Canada’s central bank made no changes to its key interest rate but the hikes may not be over. As the market expected, the Bank of Canada (BoC) made no changes to rates this morning. Eroding consumer spending and a slow economy were amongst the reasons cited. They did raise their inflation outlook though, indicating hikes may not be over.
No Change To The Bank of Canada Overnight Rate, As Expected
Canadians with variable rate mortgages can sigh in relief for at least the rest of the afternoon. The BoC overnight rate remains unchanged at 5.0%, as the market expected. It’s currently near the highest level in two decades—a big change for most households in the country. A whole generation of adults have never seen interest rates at this level. Apparently post-Global Financial Crisis-levels of liquidity was thought to be the new normal.
“We held our policy rate steady today because monetary policy is working to cool the economy and relieve price pressures, and we want to give it time to do its job,” explained BoC Governor Macklem, at the rate announcement.
It may sound like Macklem isn’t doing anything but he’s following traditional policy. Monetary policy adjustments take 18 to 24 months to fully hit the market. It’s only been 18 months since the first rate hike of the cycle, meaning existing hikes still have work to do. One Big Six bank believes nearly half the impact from existing rate hikes is still in the pipeline. Time may be the only thing needed.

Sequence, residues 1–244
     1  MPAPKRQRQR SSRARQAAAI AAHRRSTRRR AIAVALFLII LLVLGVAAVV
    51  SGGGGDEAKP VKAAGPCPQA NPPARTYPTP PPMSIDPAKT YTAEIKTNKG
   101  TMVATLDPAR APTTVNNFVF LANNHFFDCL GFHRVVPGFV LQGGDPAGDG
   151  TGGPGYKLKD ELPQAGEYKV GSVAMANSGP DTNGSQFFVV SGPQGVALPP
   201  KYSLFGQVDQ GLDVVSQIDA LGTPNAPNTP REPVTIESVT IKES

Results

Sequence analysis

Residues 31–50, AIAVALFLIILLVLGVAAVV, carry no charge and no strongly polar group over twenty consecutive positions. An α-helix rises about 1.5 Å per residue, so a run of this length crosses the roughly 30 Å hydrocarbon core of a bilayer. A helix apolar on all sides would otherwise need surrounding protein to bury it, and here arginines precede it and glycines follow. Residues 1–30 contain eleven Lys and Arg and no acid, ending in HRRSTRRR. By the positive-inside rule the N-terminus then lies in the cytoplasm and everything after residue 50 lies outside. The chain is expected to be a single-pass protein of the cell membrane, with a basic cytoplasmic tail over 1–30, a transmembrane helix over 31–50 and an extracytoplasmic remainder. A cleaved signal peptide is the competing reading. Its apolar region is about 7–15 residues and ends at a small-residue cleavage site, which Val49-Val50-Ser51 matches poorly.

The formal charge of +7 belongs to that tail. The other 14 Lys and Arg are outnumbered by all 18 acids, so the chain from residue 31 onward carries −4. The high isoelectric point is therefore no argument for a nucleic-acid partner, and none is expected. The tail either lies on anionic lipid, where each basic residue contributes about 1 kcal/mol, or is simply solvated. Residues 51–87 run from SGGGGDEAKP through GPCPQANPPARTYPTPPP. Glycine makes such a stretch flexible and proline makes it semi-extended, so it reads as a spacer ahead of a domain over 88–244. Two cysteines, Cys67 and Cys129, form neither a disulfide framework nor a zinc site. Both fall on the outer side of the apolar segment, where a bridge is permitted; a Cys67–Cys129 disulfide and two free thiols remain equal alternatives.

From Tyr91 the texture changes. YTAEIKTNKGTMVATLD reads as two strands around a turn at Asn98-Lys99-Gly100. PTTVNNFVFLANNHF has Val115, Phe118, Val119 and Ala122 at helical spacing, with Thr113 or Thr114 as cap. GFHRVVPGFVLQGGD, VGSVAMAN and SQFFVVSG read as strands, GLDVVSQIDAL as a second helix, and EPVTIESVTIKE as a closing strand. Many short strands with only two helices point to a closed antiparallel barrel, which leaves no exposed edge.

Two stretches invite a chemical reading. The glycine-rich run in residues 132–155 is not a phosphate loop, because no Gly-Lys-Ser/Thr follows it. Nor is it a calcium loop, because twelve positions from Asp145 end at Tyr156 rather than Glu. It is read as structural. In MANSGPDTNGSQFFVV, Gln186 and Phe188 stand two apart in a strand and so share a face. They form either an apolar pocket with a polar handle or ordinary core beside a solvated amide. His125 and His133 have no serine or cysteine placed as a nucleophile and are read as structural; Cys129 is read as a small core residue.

The BoC’s hawkish tone made it clear it’s too early to dismiss further rate hikes. They warn inflation is sticky and inflationary pressures are re-emerging. If inflation won’t come down further, they’ll have to use further hikes to bring it back in line.
Canada’s Economy Is Slowing Despite A Population Boom
Canada’s economy has slowed considerably over the past few months. The BoC cited household consumption, borrowing, and housing as examples of fading demand. A lot’s changed since they last updated households.
“Since our July MPR, we’ve seen clearer evidence that higher interest rates are moderating spending and rebalancing demand and supply,” he explained.
The BoC is seeing fading expectations, despite persistent and robust population growth. They only see 1% annual growth for real GDP over the next year. Considering that’s slower than the rate of population growth, that’s really slow. Normalized consumer demand isn’t expected until well into 2024.
Bank of Canada Raises Inflation Outlook, Meaning More Hikes May Come
Despite the hawkish tone, virtually no major forecast includes another BoC hike. Both the central bank’s business and consumer outlook surveys indicate broad weakness. Aggressive wage growth and sticky Core CPI are the only big concerns. However, those concerns may be enough to move the rate higher.
No major forecast may see higher rates now, but today’s data can change that. The BoC raised its inflation forecast by 0.2 points to 3.9% in 2023. It made an even bigger revision next year, raising its forecast 0.5 points to 3.0% in 2024. CPI annual growth at 3.0% is 50% higher than the target rate, but still within the tolerance band the BoC uses. Though a large change in just two months means we may be looking at a different picture by December.
At the very least, this means expect interest rates to remain higher for longer.